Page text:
Teachers’ Notes for Energy Issues Pack
Use of the material
Energy issues are complex as well as highly topical, with the Government's Energy Review due out in June. Daily news bulletins provide fresh views and information. There is no possibility of covering the subject in its full range and depth in a pack of this kind and we are not attempting to do so. Rather, we aim to raise awareness of the issues involved and to point the way to the kinds of debate they generate. We hope that there is enough here to suit a variety of different subject areas and approaches, and to stimulate further enquiry.
Although specific aims of Education for Citizenship, as set out in Annex A and Annex B of the Education for Citizenship Framework Paper produced by the Advisory Council for Learning and Teaching Scotland, are highlighted in the lesson plans, the basic material provided could be adapted to meet other aims - for instance development of IT skills, confidence in handling statistics, and so on.
The notes that follow give further information and suggestions, which may be helpful.
In presenting the factsheets, teachers should point out the possibility of bias in selection of facts and the importance of giving due weight to the sources of information when evaluating this. Sources such as the Dictionary of Energy, which has been drawn on to a large extent, especially in the compilation of the Glossary, may be regarded as less likely to be biased than, say, a Greenpeace report. When several different sources of information, with sometimes conflicting agendas, agree on a fact or a trend (e.g. climate change), it becomes much harder to dismiss.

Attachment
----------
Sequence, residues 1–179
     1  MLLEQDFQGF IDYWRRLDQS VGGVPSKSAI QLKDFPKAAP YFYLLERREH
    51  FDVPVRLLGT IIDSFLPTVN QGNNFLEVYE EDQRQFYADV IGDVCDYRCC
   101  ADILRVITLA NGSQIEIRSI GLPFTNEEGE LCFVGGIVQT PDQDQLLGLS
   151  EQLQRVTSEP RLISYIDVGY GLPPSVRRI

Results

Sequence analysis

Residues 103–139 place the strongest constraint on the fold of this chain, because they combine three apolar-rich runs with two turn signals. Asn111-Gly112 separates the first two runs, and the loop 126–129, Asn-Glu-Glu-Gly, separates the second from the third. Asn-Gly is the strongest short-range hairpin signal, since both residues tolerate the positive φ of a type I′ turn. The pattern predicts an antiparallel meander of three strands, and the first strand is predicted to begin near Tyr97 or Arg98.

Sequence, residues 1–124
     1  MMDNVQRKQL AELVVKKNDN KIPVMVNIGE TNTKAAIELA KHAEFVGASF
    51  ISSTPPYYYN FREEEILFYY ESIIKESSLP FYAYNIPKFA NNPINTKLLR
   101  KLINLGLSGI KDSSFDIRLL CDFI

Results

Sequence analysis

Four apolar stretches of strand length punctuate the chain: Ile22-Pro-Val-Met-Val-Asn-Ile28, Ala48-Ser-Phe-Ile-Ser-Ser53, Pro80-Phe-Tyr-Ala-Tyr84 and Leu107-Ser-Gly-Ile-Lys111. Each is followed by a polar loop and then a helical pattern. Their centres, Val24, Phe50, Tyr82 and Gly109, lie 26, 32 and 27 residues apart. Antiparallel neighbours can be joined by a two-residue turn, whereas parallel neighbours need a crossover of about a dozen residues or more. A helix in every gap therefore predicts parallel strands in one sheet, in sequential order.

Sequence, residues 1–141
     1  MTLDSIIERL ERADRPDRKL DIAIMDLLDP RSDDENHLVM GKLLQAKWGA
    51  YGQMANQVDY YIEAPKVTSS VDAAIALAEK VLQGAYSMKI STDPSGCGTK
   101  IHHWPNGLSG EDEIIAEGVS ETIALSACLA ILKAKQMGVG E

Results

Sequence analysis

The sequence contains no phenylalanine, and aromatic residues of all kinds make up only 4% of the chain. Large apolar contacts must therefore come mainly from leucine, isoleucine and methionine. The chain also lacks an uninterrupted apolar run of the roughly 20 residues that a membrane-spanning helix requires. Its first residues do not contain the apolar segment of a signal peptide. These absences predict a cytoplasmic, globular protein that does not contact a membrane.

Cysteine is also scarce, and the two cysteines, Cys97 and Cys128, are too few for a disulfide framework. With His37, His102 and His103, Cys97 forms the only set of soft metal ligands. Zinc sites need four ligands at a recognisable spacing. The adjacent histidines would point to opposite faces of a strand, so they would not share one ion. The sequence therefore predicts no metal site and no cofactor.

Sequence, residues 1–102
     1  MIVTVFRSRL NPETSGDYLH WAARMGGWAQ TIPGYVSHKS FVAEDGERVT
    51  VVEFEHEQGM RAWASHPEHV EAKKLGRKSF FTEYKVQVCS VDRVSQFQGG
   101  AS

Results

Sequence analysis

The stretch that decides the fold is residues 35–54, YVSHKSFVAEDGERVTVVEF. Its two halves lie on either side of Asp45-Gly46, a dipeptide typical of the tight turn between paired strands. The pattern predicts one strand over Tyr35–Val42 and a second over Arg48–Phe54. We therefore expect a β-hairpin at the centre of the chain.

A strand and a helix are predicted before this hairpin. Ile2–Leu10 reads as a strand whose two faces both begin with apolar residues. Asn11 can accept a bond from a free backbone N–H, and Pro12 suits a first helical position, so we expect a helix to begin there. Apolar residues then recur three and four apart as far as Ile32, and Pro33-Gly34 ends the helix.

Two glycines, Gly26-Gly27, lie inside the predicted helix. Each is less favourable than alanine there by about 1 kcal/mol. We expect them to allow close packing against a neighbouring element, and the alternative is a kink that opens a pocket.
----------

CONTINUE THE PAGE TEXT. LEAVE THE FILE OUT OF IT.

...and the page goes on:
Underlined words and phrases in the factsheets are further explained in the Glossary.
Factsheet 1: Energy Dilemmas
Factsheet 2: Non-Renewable Energy
Wood fuel is mentioned in the sheet as releasing greenhouse gases - chiefly carbon dioxide: however, because it releases only the carbon dioxide it absorbed in its lifetime, which is comparatively short, and can be renewed in a comparatively short period of time, its impact on climate change is considered small and it classed as a renewable fuel (see biomass).
One of the points to stress about fossil fuels is that, although they are organic, just as wood fuel is, they derive from organic material accumulated over millions of years, with the result that (i) within a 100 years carbon dioxide accumulated over millions of years has been released and (ii) the formation of comparable fossil deposits will take millennia, so that effectively they are non-renewable.
Lesson plan 2, Energy and the Environment, is designed around the issues raised in this factsheet and factsheets 3 and 4, but, again, the factsheet could be used quite differently. It could, for instance, form the basis of a lesson on simple statistics, with different class members researching the costs of production for each of the different non-renewable sources of energy; or it could be used in conjunction with factsheet 4 as the basis of a lesson on risk assessment (e.g. setting the environmental and health and safety hazards of each non-renewable energy source, against those for nuclear energy).